Finally, we returned near the uni to meet our hostess and some of her students for Georgian pizza. The restaurant was impressive, so we made a note to return the next day for breakfast. We headed home, had a bit of the cognac with the hosts, then went to bed exhausted.

The weather was not really cooperating with us at this point. Another rainy day ensued, and I was saved again by the Marmott jacket sent by Mr. Yorke. First up was an amazing khachapuri breakfast at the restaurant. I couldn’t believe how delicious it was. It’s basically bread that is outfitted into a boat-like shape. In the middle you can get a variety of things. The traditional one is with cheese, eggs, and butter. The size is pretty incredible. The large is big enough for 2 people easily. And at 8 lari, it’s pretty cheap (that’s about $5). On this day, we split one that had cheese, peppers, and tomatoes, making it a very pizza-like way to start the day, which is always okay by me. I am convinced that Americans would really take to khachapuri. So much so that I could see myself opening a Georgian-style restaurant someday just to share this amazing food with the people who would really know how to eat it!

Tell me you don't want to just dive in! OMG

Next up was seeing the city. We went to the old town and walked around a bit. We crossed the river and headed towards the biggest church in Georgia. I believe it is the 3rd biggest church in Europe. Of course, it can’t compete with our mega churches, even if those are sometimes converted office buildings/Wal*Marts. The church was impressive on the outside, but the inside was a little empty. You see, there are really no rooms inside. It’s one big area filled with relics and paintings and stuff. No pews like we have. So it’s really just a pretty big room with a massive ceiling. But it lacks the stained glass, frescoes, and other character you can find elsewhere.

Big enough to house Sally Struthers

We continued walking around and eating street food. We dipped into an Armenian church, which though diminutive, had a choir practicing in the balcony (first time I’ve seen anything like that in the Caucasus), which gave the church a beautiful atmosphere. Then we found a café. We wanted hot chocolate even though it wasn’t on the menu. They improvised and served us a melted/liquid chocolate bar in tiny coffee cups. Interesting to say the least!

Old Town: Feel the charm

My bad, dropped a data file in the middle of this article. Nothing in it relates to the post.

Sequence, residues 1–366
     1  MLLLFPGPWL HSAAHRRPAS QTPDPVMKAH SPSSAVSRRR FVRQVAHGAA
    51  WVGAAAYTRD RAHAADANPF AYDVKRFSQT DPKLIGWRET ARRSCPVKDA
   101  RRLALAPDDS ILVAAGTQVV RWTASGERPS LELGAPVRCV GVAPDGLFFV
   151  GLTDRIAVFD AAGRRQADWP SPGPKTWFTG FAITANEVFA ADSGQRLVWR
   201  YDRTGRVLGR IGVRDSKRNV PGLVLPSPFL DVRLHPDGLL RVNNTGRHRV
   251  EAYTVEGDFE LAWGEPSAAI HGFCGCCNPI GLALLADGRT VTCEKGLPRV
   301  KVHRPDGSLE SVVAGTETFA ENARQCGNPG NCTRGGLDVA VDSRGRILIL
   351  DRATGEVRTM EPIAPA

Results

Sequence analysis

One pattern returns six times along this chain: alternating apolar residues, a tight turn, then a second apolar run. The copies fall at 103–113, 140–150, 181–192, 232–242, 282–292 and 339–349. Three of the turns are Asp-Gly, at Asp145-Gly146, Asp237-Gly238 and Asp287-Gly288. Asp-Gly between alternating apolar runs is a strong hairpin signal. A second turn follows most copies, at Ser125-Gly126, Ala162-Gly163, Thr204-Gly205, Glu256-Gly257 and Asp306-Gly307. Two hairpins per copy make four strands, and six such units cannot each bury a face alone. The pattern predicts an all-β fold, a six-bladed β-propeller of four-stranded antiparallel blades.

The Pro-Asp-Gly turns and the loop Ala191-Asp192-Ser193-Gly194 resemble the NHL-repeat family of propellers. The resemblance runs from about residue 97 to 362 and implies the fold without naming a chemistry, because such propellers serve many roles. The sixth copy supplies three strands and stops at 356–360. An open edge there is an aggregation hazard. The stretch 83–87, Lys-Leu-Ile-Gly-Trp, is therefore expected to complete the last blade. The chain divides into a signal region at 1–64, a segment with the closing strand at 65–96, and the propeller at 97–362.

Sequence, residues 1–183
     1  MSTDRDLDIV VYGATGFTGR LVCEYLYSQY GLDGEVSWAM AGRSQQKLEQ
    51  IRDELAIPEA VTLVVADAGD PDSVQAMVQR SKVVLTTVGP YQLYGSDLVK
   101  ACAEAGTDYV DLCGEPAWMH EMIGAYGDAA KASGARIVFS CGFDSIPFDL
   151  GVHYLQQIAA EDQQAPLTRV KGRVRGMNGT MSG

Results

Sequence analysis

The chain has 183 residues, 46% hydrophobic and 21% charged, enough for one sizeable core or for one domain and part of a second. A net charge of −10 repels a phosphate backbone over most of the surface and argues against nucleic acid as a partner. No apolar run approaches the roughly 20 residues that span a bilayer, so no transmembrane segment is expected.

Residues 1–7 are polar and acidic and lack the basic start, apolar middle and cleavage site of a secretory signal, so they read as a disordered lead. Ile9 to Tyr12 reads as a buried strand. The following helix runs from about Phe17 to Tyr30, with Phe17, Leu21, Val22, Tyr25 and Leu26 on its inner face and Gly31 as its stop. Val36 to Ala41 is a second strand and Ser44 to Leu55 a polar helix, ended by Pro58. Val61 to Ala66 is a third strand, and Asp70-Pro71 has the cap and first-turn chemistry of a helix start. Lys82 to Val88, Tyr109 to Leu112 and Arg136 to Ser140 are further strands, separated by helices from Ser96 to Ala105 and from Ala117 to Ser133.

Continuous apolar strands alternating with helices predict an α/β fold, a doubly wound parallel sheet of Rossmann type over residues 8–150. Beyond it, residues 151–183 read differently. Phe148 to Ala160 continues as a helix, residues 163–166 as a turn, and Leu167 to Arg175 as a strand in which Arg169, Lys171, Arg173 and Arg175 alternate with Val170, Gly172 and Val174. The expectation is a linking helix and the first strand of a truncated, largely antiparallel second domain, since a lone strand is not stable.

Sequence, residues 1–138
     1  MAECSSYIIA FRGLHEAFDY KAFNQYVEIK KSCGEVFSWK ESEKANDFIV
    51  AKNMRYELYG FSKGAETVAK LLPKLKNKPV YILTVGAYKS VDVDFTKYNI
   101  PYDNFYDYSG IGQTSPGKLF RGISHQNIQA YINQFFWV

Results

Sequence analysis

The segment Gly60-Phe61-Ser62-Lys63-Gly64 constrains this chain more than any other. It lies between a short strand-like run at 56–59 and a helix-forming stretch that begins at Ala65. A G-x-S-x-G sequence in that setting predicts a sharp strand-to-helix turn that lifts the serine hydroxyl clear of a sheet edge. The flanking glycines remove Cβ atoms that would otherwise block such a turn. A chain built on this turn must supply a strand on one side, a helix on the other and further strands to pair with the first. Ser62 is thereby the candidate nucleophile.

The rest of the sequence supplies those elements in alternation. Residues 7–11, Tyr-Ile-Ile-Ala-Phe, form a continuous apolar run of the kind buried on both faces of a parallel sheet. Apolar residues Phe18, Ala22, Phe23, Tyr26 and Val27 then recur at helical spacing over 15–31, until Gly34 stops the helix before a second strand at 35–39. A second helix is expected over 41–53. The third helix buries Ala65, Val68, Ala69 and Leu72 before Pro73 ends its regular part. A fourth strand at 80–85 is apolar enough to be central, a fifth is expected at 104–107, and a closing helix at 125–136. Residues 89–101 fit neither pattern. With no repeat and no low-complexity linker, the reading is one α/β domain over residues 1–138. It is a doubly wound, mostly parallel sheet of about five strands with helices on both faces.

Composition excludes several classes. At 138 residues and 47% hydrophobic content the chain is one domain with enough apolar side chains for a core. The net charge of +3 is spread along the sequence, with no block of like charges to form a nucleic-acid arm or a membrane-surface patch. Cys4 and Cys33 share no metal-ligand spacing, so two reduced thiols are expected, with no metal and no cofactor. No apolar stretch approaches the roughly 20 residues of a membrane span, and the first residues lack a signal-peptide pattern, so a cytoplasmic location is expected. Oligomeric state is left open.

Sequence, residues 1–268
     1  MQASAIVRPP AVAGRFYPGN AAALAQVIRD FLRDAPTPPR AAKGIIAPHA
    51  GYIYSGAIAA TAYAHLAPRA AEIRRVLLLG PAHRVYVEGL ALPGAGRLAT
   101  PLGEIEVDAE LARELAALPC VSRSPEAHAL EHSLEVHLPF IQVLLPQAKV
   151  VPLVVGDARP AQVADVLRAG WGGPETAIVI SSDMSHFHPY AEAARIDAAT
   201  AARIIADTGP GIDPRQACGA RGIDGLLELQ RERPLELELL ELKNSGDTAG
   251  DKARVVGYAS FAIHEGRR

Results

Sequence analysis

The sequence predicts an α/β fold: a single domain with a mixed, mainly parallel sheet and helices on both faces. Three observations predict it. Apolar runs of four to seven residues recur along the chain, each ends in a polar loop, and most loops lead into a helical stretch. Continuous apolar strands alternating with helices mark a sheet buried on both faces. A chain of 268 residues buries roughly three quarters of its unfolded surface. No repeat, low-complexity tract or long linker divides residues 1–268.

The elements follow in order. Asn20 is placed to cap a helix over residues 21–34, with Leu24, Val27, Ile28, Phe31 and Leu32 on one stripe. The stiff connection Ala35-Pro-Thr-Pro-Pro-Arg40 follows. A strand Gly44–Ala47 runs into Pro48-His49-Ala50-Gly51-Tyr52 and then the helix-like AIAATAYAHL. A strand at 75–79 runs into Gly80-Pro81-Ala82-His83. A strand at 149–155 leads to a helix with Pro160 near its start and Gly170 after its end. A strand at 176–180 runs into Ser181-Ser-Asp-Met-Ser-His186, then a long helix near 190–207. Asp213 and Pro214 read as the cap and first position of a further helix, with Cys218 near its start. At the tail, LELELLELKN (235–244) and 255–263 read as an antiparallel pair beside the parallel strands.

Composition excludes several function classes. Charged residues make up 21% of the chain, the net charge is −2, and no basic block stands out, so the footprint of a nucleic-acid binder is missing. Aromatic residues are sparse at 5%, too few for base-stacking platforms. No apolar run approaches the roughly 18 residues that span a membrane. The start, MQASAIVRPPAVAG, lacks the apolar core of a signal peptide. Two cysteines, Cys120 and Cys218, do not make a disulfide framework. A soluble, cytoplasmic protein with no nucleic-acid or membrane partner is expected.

That night we ate at our hostesses house, as she prepared for us a wonderful Romanian dish. I have no idea how to describe it. There was a big pot, and inside she baked a mixture of corn flour, cheese, and other stuff. It was pretty good! Knowing that the next day would be an early one, and the fact that it was still raining outside, we decided to have an early night.

We went off to meet Aga’s EVS friend (also from Poland), who took the train in to meet us and go on a trip. Our destination was Gori, a nearby town famous for being the birthplace of Stalin.

The trip offered me a chance to see something outside of the capital, which is always good. I was impressed with the highway system, which is several notches above what you’ll find in Armenia. But soon we ran into snow and I feared the day would be another weather nightmare.

Gori was a pretty nice place. It’s supposedly 50,000 people. There is an ancient castle in the middle of town. We scaled up the old stone steps to reach the castle grounds. Once we breached the walls, tremendous wind was waiting for us. The top of the castle was just a large green area from which you could see the city over the stone walls. I don’t think I’ve ever been in such a windy situation! We didn’t stay long since it was cold and uncomfortable up there.

Gori from the castletop

Then we went to the Stalin museum. It was a pretty cool place, if you’re into that sort of thing. Lots of great pictures and artifacts from his life. They even had his death mask, which was a bit creepy to see. There was also a very feminine fur coat on display, given as a gift, which according to the tour guide, “he never wore.” Yeah right! There was also Stalin’s personal train wagon. We saw the inside and all the nice amenities he had. It was nicer than our train from Yerevan, that’s for sure. He even had a early-model air conditioner in there. Finally, there was his original house. It’s funny because the rest of the neighborhood has long since been destroyed. But his house remains, protected by a bigger structure. The house was like one of those prairie homes you see that is just one room and you wonder, “how did they live here?”